What are some examples of the “market manipulation” I alluded to above? The obvious one is that if Amazon is both selling its own products within a marketplace and running that same marketplace, there is an obvious incentive to privilege its own goods above its competitors. ProPublica found that Amazon price comparisons are misleading for non-Prime customers, where Amazon’s “rankings omit shipping costs only for its own products and those sold by companies that pay Amazon for its services”. Amazon boosts the position of its own products in search even if they do not represent the best value for the customer. Amazon also uses its marketplace data to design knockoffs of popular products and then undercut the originals on price, one example being Amazon’s shoddy Allbirds lookalikes.

Some, like Elizabeth Warren, have argued that actors running a platform should not be able to sell goods on that platform; instead, Amazon should be turned into a “platform utility”. Fair enough. But I think even this understates the problem. Even if Amazon sold nothing on its own making on its platform, opportunities for manipulation would exist, and, for Amazon Marketplace’s central planners, would likely be irresistible.

Amazon provides incentives for sellers to join the “Fulfilled by Amazon” (FBA) program, wherein Amazon handles the logistics of shipping goods and processing returns. The odds of a seller appearing in Amazon’s search “buy box” without being in FBA are minuscule. Amazon has essentially complete discretion over what fees to charge sellers, either as a subscription (recurring revenue) or on every purchase (as a percentage of the sale price). Combining the FBA and other fees, Matt Stoller finds that “nearly half the revenue of a seller go[es] to Amazon”. And Amazon charges additional fees, not covered by the aforementioned categories, to sellers to promote themselves in Amazon’s search results. Cory Doctorow writes,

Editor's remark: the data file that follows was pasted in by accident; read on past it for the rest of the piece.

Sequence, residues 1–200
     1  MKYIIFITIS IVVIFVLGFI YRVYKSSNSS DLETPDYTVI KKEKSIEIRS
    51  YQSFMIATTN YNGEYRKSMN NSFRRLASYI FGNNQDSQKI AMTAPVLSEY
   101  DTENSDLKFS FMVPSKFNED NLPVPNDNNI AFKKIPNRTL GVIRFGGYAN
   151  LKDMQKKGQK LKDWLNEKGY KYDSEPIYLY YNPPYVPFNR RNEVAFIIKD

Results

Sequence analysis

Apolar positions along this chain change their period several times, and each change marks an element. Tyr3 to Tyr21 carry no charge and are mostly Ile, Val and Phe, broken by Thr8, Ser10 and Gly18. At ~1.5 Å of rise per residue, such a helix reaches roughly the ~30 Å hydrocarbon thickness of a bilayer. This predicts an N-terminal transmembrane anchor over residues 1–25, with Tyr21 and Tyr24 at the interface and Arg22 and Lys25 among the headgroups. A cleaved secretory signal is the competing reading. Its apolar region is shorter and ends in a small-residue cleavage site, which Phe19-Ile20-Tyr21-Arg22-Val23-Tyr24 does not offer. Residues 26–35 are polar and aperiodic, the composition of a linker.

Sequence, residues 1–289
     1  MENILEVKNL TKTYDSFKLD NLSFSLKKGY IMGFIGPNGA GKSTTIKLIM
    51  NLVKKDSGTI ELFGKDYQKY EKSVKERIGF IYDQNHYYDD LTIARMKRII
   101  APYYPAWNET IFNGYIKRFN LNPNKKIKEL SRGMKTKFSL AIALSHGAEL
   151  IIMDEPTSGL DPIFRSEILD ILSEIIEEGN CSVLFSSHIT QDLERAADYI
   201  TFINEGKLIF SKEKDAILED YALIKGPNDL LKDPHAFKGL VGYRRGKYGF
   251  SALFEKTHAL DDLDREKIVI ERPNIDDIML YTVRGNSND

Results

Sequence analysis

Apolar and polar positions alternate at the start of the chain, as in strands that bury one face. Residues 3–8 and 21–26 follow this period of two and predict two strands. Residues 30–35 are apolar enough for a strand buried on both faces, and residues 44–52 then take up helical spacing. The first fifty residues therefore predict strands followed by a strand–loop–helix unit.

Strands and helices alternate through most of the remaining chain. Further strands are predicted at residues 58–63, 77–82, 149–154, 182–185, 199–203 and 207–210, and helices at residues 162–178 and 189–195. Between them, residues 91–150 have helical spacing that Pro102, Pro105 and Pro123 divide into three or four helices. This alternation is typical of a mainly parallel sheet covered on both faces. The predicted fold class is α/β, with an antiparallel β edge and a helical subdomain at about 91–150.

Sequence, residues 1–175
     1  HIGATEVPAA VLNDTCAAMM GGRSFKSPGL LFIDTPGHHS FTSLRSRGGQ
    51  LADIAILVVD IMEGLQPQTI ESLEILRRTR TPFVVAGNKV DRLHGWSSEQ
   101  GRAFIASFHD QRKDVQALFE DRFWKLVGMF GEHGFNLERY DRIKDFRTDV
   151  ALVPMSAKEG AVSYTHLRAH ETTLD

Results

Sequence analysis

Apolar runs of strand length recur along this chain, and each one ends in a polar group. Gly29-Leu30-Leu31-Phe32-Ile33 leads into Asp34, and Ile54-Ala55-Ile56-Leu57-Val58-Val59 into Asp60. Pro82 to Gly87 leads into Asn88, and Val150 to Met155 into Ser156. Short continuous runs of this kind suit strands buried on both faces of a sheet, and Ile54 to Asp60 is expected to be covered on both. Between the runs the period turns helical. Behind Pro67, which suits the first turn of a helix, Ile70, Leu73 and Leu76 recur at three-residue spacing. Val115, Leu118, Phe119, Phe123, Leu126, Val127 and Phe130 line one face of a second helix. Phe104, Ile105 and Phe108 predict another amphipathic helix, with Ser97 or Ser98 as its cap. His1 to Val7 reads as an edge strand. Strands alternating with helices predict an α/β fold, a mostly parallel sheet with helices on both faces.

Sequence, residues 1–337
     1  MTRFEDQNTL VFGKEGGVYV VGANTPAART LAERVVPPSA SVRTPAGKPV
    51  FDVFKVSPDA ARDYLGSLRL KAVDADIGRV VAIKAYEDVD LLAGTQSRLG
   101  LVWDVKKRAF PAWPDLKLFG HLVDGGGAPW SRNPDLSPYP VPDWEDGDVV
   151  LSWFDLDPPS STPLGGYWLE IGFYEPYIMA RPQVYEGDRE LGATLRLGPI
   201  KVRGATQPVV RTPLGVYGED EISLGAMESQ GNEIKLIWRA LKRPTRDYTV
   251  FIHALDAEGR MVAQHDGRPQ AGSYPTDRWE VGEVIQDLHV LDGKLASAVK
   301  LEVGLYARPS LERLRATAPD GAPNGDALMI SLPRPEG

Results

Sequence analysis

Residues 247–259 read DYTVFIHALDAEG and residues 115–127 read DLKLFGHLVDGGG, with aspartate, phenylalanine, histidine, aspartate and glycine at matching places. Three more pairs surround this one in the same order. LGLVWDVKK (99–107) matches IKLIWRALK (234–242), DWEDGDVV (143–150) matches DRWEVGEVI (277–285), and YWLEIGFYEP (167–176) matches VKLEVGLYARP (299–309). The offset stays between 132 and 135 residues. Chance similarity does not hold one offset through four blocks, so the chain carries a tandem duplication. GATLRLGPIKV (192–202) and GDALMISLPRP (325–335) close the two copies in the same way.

Remember when Amazon’s screen real estate was given over to “Customers who bought this also bought this” and “Customers who viewed also viewed”? Today those slots are filled with “Sponsored products related to” and “Brands related to this category.”

In other words, Amazon has converted its “customer-centric” personalization system, which emphasized the products it predicted you would like best, into an auction house, where the products that have paid the most come first.

It is easy to get lost in the details. The important thing to remember is that Amazon has tremendous power over the participants in the marketplace, and can use that power to extract all sorts of fees, whether or not they are called as such. (And this is true whether or not Amazon is selling its own goods in the marketplace or not.) In Amazon’s case, the impact is borne primarily by the merchants (sellers), but it is also worth noting that customers (Prime members) have seen rapid price increases, from $59/year in 2005 to $139/year now, far outpacing inflation. It is also likely that many of the fees that Amazon charges to sellers are indirectly passed on to consumers in the form of higher prices. (Sadly, there is no such thing as free shipping.)